Reading over the type of activities James and the other friends in his set enjoyed rather backs up the statement that James was regarded as boyish.
Conversations at the TAF, (twice a fortnight society) was what (James) was pleased to call “trivial” there was a great deal of mimicry, with (James) as the leading performer, and there were Rags.
Rags were where one member would play a practical joke on another, such as hanging a hat on a coal scuttle or the like.  The rag would then usually descend into what the members liked to call “horseplay”, where they would wrestle. The wrestling would usually continue into decidedly unmanly behaviour of “vital grasping” this behaviour was actually omitted from one biography for “Reasons of piety” Behaviour that again we today we would see as repressed homosexuality, or homoeroticism except that again viewing the society of friends at Eton and Kings in their own setting and taking into account the times, they seem more like schoolboys not the sophisticated decadents like Oscar Wilde or Aubrey Beardsley.  This is where the application of theories like Sedgwick’s “Homosexual Panic” breaks down.
James’s celibate existence seems to make these types of theories almost redundant. His onetime Eton tutor and lifelong friend Luxmoore summed up the type of feelings that surrounded this society of men in a letter to James in 1917 when the Great War barred countrywide travel;
The club, the country house and well the chapel for that is no parallel – all rolled in one with the added freedom, may I say it? We are all alone, of a single sex...
Indeed the life that James lived seemed to be utterly apart from concerns of marriage, and the opposite sex, but when a closer examination is given to the Ghost Stories, there seems again to be a more complicated issue around gender and sex. As I have previously argued James definitely had two types of revenants and characters that held his interest, that of the strong female, and the intellectually gifted but slightly feminine male. One need only think of Mrs Anstruther in “The Rose Garden”, “A stately dame of fifty summers” who is totally in charge of her home and husband, or Mr Dunning in “Casting The Runes” whose world falls apart when his charwoman and maid develop food poisoning.
In his own life he had demonstrated this love of strong women in the remark he made to his friend Prothero that he had found an actress playing the part of Peter Pan in a 1905 production one who would be fit to be his wife, he found her “fascinating”.  This remark would be fascinating to us examining his stories, as the two archetypes of James’s fantasy seem to meld in the figure of this Peter Pan, a beautiful boy being played by a strong woman.
James was part of a larger collegiate collective which found women congenial, but only if they lived apart from them. He often had women as friends, like the Cropper sisters, or Gwendolyn McBryde, whose daughter Jane was his ward, after James Mcbryde died (even if he did “regret her sex” at the birth) James was like many middle and upper class Victorian men, who believed in the ideal of separate spheres for the lives of men and women, parallel but separate.
In his university he voted against the inclusion of women into the colleges and definitely against the idea of equality within any of the institutions, the privilege of education and parity for women was against the idea of the privileged all male bastion and James was one who wanted to preserve the all male elite.  Except this argument also breaks down in the face of James’s arguments with the academic Jane Harrison, as, whilst he respected Harrison for her standing as an academic, he also denigrated her stance on mythology, and it’s challenge to his own branch of academic apocryphal biblical study. It was the idea of women standing as progress that he seems to have feared, not the fact of them being women.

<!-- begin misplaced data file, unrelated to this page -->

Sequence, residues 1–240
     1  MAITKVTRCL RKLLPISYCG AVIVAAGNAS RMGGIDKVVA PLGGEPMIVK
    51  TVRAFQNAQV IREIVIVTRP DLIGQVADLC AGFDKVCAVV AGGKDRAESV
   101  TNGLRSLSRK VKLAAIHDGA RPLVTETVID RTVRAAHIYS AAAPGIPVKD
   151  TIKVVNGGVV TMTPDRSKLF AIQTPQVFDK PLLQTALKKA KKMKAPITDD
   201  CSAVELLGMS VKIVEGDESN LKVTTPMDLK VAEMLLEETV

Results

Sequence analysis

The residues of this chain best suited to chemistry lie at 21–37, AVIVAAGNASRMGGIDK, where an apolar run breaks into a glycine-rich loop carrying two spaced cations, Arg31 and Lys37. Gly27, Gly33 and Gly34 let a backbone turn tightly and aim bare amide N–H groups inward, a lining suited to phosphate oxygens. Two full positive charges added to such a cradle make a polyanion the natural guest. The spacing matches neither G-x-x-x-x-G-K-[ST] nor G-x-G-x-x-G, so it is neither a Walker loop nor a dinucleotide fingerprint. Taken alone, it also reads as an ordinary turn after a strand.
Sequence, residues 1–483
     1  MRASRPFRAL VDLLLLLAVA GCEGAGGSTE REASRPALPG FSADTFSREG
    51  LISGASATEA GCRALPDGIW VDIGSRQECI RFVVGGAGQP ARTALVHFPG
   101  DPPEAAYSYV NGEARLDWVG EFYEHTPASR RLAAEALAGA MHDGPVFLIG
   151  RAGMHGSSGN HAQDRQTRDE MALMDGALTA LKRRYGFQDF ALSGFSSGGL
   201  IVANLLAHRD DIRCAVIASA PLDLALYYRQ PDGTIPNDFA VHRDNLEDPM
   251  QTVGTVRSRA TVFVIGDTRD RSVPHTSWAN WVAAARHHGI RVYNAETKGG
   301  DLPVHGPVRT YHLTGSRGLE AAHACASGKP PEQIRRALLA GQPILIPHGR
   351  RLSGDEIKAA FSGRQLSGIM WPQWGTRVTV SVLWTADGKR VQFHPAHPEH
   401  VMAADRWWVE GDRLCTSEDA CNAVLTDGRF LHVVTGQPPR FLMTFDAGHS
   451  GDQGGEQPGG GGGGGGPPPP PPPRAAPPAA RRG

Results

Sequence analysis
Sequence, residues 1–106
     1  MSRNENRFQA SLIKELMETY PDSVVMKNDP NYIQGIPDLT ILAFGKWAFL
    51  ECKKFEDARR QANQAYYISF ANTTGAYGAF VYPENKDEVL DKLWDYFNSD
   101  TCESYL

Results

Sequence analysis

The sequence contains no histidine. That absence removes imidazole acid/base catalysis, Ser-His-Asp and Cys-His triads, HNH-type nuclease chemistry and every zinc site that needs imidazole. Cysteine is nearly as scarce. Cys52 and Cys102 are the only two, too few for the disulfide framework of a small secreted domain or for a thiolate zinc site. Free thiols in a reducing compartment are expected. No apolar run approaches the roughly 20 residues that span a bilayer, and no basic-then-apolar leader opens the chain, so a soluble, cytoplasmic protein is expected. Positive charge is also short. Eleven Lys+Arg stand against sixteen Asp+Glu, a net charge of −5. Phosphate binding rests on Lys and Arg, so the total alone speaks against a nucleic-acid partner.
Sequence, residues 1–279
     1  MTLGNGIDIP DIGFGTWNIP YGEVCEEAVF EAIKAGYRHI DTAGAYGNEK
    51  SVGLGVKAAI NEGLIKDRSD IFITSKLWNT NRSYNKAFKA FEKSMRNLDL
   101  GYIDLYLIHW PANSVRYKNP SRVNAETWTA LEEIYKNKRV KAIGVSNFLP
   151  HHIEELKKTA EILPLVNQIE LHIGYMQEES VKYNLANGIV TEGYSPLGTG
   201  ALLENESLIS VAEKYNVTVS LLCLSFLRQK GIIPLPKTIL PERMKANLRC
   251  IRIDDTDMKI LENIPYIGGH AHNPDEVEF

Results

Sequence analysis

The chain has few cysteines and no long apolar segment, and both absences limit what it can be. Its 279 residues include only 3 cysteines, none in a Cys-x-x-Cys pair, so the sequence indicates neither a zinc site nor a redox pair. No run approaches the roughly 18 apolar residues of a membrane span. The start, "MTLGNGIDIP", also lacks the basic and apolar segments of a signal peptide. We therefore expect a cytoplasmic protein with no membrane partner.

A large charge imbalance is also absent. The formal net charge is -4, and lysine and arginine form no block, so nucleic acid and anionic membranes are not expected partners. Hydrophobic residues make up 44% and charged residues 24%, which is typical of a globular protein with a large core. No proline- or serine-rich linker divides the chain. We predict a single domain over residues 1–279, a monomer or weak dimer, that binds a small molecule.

Kane noted that in all male elite societies like James’s, that were based upon a long Christian tradition of “Brotherhood” the society works from within to emphasise and elevate the pure adoration of manly spirituality, intellect and tradition, so much so that any taint of homosexuality is repressed and the symbolic elevated, to the point that homosexuality is seen as weak and is very much discouraged.
This is a world where the older members of the institution are held in high fatherly regard and the members are all seen as brothers. Hence the high regard for older men in Eton and Kings, like Luxmoore and Bradshaw. This was a world where the taint of homosexuality did not even have a label, until the article written by W.T.Stead in the Pall Mall Gazette, which led to the Labouchere amendments’. It was the spotlight thrown onto this hidden world which had alienated the public, and made a moral stigma out of a whole group of society, whereas a group homosexual men had always existed, now they were a stigmatised group.
As I argued earlier both Benson brothers were homosexual, and other acquaintances such as E M Forster who were at Cambridge were also homosexual but at the time closeted, the point needs to be argued that as in a lot of Edwardian society these facts were known, just not discussed. As Cook argues,
What is more important is the way in which the way the scandals... publicized the existence of homosexual subcultures and made them into a matter for mainstream politics...
Stead went so far as to say in his article that if this label was to be believed in its entirety then there would be a mass exodus from the old all male bastions of Eton, Harrow, Winchester, Rugby and the two universities of Oxford and Cambridge to the prisons of the country. This old fashioned world, where sexuality did not really have a place, was the reality I would argue that James preferred to inhabit, even if he took pains to ignore the actual world that he occupied himself.
In that era although homosexuality was punishable by law, there was still an underground culture, coded and hidden but very much alive for the men who inhabited that milieu. White illustrates the everyday world that they moved in and inhabited, remarking that it is possible, “to construct a map of homosexual London, marking the places where these men could meet one another...”